It’s hard to imagine where manufacturing would be today if not for lean tools. The impact of lean on production processes over the last 30 years—and the resulting boost in profitability—has been nothing short of revolutionary.
But. (There’s always a but.)
Many organizations that try to implement lean don’t see the dramatic results they’re looking for. A big reason is that many of the constraints on the production shop floor are not actually on the shop floor at all. You can optimize those processes all day long and you’ll only get halfway to the goal line.
Because there’s still a bottleneck in the back offices. Even when production employees have completed the 5S’s and other lean tools to improve their processes, we often find them waiting—waiting for assignments, information, paperwork, parts, and tooling, or waiting for management decisions to be made.
Many organizations that try to implement lean don’t see the dramatic results they’re looking for. That’s because the constraint isn’t actually on the shop floor.
More than 15 years ago, I decided to dedicate my professional life to solving this problem. Finding the waste and bottlenecks in business processes and applying lean countermeasures can dramatically reduce turnaround time on the shop floor. That’s the secret to getting the results that lean tools promise.
What’s more, organizations don’t have to manufacture products to benefit from applying lean to their business processes. Companies that are service-based—financial, legal, and insurance firms, for example—can also use lean to dramatically cut the time for processing knowledge, information, and paperwork.
The Killers of Process Efficiency
Although administrative departments were created to facilitate the primary mission of an organization, in many organizations these administrative processes—namely departments of accounting, finance, engineering, safety, environment, human resources, supply chain, and inspection/review—have become bottlenecks. Often, in an effort to increase their own effectiveness, these departments have evolved into specialized functional silos that oversee or monitor functions rather than actually support them.
As these silos have multiplied and grown taller, the management approval process has become longer and longer. Sound familiar? If so, you may also recognize these examples of administrative processes that have turned into constraints:
- Up-to-the-last-minute contract negotiations and approvals reduce lead time for the production workers. In addition, by executing proposals and contracts without standard work/product definitions, sales departments create scenarios that are difficult for purchasing, quality, customer service, and the front line to execute.
- Supply chain departments use up much of a process’s lead time in ordering or sourcing key parts; purchasing departments optimize their own operations by ordering too many of a particular part not needed right away on the shop floor because they’re getting a price break on quantity.
- Internal representatives of regulatory agencies such as OSHA, EPA, FCC, or the IRS provide unnecessarily broad policy interpretations that constrain production beyond the intent or letter of the law.
- Engineering departments use up lead time by delaying the provision of necessary documentation and by requiring a long queue for the revision requests submitted by the front line.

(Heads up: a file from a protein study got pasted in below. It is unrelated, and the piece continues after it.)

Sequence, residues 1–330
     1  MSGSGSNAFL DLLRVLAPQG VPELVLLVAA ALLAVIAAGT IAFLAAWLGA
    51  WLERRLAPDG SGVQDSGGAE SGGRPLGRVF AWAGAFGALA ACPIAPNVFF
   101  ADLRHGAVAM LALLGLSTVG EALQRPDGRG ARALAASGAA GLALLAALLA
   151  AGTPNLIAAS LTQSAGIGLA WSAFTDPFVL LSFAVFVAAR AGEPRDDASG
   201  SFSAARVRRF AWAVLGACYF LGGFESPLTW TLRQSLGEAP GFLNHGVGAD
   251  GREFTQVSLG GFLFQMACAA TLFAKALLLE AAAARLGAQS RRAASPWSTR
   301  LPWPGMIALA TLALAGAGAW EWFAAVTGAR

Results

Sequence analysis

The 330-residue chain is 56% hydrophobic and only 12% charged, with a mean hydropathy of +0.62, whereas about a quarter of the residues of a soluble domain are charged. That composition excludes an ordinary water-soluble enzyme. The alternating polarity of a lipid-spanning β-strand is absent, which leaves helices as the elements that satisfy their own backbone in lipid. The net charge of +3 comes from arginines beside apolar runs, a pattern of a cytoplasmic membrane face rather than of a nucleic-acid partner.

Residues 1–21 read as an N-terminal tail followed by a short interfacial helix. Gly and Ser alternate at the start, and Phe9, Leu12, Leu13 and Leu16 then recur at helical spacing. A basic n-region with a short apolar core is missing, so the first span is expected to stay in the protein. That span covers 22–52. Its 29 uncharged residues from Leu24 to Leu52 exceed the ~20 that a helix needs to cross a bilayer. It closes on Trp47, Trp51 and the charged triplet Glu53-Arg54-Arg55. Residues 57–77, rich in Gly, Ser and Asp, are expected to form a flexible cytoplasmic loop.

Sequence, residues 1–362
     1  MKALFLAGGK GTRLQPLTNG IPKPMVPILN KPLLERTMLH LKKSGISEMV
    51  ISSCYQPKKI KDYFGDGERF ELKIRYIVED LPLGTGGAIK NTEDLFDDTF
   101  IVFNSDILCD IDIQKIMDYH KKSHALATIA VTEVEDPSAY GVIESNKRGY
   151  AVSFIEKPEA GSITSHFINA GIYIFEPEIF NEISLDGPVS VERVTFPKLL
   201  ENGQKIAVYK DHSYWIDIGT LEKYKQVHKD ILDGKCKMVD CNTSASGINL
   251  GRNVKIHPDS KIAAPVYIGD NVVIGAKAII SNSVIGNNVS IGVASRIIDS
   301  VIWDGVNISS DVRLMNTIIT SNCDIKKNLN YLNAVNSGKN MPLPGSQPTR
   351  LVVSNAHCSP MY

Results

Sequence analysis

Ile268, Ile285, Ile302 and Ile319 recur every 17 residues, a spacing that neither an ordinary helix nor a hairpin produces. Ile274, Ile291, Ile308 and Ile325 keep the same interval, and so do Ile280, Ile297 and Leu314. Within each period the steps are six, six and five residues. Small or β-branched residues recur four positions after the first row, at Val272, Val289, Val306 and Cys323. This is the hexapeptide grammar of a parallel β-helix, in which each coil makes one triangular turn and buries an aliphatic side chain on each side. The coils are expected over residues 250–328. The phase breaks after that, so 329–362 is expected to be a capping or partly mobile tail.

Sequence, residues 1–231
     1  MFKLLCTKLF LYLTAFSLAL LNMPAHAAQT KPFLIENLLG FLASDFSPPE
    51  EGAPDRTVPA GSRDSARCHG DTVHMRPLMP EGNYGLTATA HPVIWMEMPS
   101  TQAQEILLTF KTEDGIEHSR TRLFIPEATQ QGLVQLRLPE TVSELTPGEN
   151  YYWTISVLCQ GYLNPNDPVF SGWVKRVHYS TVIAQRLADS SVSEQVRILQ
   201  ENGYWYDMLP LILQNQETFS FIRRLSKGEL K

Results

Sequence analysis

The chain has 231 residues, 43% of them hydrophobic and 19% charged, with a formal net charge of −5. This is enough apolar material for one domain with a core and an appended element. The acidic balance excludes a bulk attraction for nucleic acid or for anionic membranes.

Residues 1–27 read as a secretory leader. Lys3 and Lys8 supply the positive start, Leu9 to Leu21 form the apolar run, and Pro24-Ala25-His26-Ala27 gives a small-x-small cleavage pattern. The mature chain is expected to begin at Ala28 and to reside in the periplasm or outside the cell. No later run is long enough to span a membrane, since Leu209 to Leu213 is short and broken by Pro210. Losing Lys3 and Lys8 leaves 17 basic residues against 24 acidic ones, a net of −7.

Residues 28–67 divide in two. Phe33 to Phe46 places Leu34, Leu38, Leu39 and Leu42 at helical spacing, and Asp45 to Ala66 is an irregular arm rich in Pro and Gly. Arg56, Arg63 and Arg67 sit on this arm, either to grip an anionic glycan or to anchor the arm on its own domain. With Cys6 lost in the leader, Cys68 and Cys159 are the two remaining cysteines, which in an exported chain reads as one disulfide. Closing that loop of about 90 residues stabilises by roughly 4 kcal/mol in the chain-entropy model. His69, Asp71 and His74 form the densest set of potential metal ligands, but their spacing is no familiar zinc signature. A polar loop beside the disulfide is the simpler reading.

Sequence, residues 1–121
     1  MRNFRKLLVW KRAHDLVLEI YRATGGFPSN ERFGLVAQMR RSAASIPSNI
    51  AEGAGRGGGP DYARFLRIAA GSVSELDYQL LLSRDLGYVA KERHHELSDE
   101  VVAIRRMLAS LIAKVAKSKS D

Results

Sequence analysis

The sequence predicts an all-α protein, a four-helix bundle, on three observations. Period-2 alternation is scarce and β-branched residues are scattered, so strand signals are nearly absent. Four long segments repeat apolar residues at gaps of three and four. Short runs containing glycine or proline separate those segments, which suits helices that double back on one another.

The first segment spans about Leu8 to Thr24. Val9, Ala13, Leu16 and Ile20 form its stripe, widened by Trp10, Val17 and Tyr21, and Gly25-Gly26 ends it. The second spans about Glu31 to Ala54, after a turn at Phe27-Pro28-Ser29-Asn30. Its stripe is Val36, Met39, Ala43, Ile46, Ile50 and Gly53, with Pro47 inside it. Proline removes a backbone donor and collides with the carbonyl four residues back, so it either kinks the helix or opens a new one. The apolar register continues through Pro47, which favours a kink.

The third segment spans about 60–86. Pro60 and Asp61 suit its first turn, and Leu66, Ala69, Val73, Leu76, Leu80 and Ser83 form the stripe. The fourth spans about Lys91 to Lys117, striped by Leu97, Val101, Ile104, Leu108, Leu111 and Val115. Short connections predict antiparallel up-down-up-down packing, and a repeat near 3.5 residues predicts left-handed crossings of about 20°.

- Facilities, HR, and IT departments provide one-size-fits-all solutions that optimize their own processes at the expense of the production processes they serve.
- Management situated remotely on the second floor require too much shop floor reporting and meetings to provide for their situational awareness. Delays in strategic and tactical management decisions chew up lead time, leaving less time for execution.
These examples touch on just a few of many administrative inputs that may be required in a production process. Each acts like a kink in the hose of production. It’s no wonder, then, that many businesses have chosen to outsource their production to chase the lower labor rate, only to find that their overhead remains constant. Leadership must recognize that there are limits to the efficacy of applying lean to operational processes if lean is not also applied to business processes.
Administrative departments often act as constraints instead of supports.
Fortunately, as when applied on the shop floor, lean applied to administrative processes can identify waste and constraints, increase throughput, and decrease costs, cycle time, and work-in-process.
The problem is that so few companies have taken this critical step. But those who have made the effort have documented impressive results. For example, after two years of applying lean to administrative processes such as cost capture and material management, an aviation component repair operation realized the following improvements: gross profit margins up 5%, late delivery penalties down by 93%, warranty repairs down 50%, WIP down 72%, and inventory reduced by 39%. Plus, the company created capacity in facilities and staff, which enabled future growth and expansion without additional capital outlay.
Needless to say, if you lead in operations or at a service-based firm, you have a tremendous opportunity—if not an obligation—to apply lean analytical tools to your administrative processes. Focus on these areas, and you’re sure to take your continuous improvement efforts to a whole new level and find the next breakthrough you’ve been seeking.